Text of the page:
Chemical agents are poisonous vapors, aerosols, liquids and solids that have toxic effects on people, animals or plants. Chemical agents can cause death but are difficult to deliver in deadly amounts because they dissipate quickly outdoors and are hard to produce.
Before a Chemical Emergency
A chemical attack could come without warning. Signs of a chemical release include difficulty breathing, eye irritation, loss of coordination, nausea or burning in the nose, throat and lungs. The presence of many dead insects or birds may indicate a chemical agent release.
What to do to prepare for a chemical attack:
- Build an Emergency Supply Kit and include:
- Duct tape
- Plastic (to cover doors, windows and vents)
- Make a Family Emergency Plan.
During a Chemical Emergency
What you should do in a chemical attack:
- Quickly try to figure out which areas are affected or where the chemical is coming from, if possible.
- Get away immediately.
- If the chemical is inside your building, get out of the building without passing through the contaminated area, if possible.
- If you can't get out of the building or find clean air without passing through the affected area, move as far away as possible and shelter-in-place.
If you are instructed to remain in your home or office building, you should:
- Close doors and windows and turn off all ventilation, including furnaces, air conditioners, vents and fans.
- Seek shelter in an internal room with your disaster supplies kit.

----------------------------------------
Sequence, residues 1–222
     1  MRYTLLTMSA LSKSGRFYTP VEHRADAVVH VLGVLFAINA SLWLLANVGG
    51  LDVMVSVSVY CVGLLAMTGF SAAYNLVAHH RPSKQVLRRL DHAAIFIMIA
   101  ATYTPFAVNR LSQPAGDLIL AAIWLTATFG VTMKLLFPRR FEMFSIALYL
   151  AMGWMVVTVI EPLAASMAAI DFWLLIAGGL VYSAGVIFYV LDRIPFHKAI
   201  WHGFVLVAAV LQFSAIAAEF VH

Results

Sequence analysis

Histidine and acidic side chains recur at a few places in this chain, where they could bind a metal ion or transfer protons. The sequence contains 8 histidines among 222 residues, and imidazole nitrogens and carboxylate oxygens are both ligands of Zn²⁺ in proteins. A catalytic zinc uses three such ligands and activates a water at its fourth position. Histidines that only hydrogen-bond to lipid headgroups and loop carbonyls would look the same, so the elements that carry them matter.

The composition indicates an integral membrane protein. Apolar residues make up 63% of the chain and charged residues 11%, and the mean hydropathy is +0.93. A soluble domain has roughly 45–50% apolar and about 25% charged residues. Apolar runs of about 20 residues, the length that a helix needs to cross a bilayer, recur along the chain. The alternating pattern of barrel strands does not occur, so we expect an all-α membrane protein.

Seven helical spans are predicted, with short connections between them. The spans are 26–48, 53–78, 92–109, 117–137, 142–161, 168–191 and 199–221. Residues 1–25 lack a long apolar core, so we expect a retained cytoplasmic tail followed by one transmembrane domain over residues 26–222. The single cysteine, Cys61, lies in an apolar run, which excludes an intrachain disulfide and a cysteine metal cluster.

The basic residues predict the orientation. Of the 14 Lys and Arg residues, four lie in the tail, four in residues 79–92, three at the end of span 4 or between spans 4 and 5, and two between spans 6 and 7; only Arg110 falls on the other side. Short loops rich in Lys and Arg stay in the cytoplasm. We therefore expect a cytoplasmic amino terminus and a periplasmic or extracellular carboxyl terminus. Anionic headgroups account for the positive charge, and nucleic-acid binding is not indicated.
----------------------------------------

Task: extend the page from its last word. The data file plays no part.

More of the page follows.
- Seal the room with duct tape and plastic sheeting.
- Listen to the radio or television for instructions from authorities.
If you are caught in or near a contaminated area outdoors:
- Quickly decide what is the fastest way to find clean air:
- Move away immediately, in a direction upwind of the source.
- Find the closest building to shelter-in-place.
After a Chemical Emergency
Do not leave the safety of a shelter to go outdoors to help others until authorities say it is safe to do so.
If you are affected by a chemical agent you will need immediate medical attention from a professional. If medical help is not immediately available, decontaminate yourself and help others decontaminate.
How to decontaminate:
- Use extreme caution when helping others who have been exposed to chemical agents.
- Remove all clothing and other items in contact with your body.
- Cut off clothing normally removed over the head to avoid contact with the eyes, nose and mouth.
- Put contaminated clothing and items into a plastic bag and seal it.
- Remove eyeglasses or contact lenses. Put glasses in a pan of household bleach to decontaminate them and then rinse and dry.
- Wash hands with soap and water.
- Flush eyes with water.
- Gently wash face and hair with soap and water before thoroughly rinsing with water.
- Proceed to a medical facility for screening and professional treatment.